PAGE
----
Thursday, 10 October 2013

Access to civil justice - two reports that ought to inspire real change

Two recent national reports on the urgent need for civil justice reform offer the promise – or at least the possibility – of a justice reform agenda that, for once, is not just about demanding more tax dollars for legal aid, but recognizes more broadly and more fundamentally that our civil justice systems, structures, processes and rules are not only failing the poor, they’re failing everyone.

Reaching Equal Justice: an Invitation to Envision and Act, was released by the Canadian Bar Association during its annual meeting this past August. ( The other report, Access to Civil & Family Justice: A Roadmap for Change, was released this month by a group called the Action Committee on Access to Justice in Civil and Family Matters, ( chaired by Justice Thomas Cromwell of the Supreme Court of Canada.  I will call it the Cromwell report in recognition of the leadership role which Justice Cromwell has undertaken on this issue over the past several years.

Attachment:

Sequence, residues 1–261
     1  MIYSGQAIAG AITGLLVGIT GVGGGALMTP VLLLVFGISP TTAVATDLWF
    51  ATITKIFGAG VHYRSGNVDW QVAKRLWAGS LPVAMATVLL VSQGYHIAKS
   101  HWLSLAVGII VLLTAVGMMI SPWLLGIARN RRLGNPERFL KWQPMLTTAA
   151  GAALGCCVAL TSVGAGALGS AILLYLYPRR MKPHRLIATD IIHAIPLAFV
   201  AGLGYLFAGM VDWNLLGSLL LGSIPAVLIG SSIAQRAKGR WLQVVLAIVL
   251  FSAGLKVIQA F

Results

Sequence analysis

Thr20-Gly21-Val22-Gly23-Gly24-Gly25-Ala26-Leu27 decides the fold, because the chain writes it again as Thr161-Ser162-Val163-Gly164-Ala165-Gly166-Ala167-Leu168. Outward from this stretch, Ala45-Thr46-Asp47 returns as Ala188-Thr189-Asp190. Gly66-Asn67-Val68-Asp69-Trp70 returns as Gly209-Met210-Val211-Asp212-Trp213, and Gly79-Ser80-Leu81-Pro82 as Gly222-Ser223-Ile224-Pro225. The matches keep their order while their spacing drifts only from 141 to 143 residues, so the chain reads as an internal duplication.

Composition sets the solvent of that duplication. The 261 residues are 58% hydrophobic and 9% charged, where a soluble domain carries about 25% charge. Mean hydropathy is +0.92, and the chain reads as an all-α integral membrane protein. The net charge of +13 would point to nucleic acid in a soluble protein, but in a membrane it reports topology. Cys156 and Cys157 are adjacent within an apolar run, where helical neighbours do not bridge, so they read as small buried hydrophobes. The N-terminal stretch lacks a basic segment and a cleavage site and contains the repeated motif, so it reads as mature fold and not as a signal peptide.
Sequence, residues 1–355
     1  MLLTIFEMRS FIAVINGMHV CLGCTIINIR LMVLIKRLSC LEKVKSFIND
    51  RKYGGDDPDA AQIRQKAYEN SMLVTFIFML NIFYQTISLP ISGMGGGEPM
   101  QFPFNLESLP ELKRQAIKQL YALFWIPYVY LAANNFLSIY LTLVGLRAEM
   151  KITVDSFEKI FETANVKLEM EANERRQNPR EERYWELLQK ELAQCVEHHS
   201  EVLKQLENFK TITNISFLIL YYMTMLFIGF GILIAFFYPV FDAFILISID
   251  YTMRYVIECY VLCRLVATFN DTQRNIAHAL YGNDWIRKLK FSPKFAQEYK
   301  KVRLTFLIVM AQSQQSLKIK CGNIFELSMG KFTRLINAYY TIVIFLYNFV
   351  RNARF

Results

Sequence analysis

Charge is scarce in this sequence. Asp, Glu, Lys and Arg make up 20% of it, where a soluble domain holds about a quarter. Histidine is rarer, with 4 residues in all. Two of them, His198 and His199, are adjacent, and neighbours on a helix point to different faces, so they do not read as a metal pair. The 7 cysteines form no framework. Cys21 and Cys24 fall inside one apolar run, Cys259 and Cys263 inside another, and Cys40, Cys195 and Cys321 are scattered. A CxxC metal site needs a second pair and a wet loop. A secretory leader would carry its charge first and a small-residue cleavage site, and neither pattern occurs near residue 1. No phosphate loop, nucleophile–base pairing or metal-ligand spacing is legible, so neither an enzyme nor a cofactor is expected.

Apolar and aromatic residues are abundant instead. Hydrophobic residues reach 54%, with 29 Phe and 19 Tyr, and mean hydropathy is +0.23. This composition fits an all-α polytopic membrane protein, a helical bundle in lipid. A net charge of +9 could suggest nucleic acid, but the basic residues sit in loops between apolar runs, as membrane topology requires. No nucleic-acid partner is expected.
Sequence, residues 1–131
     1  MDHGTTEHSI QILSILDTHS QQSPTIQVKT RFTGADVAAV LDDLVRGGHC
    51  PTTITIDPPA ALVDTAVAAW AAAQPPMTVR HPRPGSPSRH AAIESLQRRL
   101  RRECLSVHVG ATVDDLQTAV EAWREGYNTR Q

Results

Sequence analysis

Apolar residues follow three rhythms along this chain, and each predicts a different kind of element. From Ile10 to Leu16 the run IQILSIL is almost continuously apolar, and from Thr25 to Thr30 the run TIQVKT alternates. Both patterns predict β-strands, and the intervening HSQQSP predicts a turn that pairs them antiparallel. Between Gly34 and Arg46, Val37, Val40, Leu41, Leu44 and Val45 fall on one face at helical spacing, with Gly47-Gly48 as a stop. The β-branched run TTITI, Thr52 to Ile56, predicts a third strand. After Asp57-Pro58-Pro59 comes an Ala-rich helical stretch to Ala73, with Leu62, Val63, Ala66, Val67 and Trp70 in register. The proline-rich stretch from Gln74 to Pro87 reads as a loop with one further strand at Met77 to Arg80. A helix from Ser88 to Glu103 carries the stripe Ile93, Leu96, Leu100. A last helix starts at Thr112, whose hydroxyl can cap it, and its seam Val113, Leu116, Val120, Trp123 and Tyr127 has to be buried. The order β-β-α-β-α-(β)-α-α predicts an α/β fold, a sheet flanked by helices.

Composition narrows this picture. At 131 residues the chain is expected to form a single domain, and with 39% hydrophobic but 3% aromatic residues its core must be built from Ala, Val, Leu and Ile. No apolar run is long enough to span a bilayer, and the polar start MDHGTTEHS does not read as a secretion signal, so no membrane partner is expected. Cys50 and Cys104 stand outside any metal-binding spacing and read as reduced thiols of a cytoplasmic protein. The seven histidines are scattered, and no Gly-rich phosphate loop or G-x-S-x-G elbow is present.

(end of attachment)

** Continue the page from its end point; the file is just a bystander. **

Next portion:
Both reports are worth reading (and very readable).  My hope, of course, is that they are not just read, but are embraced and acted upon. 

Both reports argue that the justice system, if it is to function effectively, has to “put the public first”.  The Cromwell report even goes so far as to make this the first of its six guiding principles of change, saying,

We need to change our primary focus.  Too often, we focus inward on how the system operates from the point of view of those who work in it….The focus must be on the people who need to use the system…..Those of us working within the system need to remember that it exists to serve the public.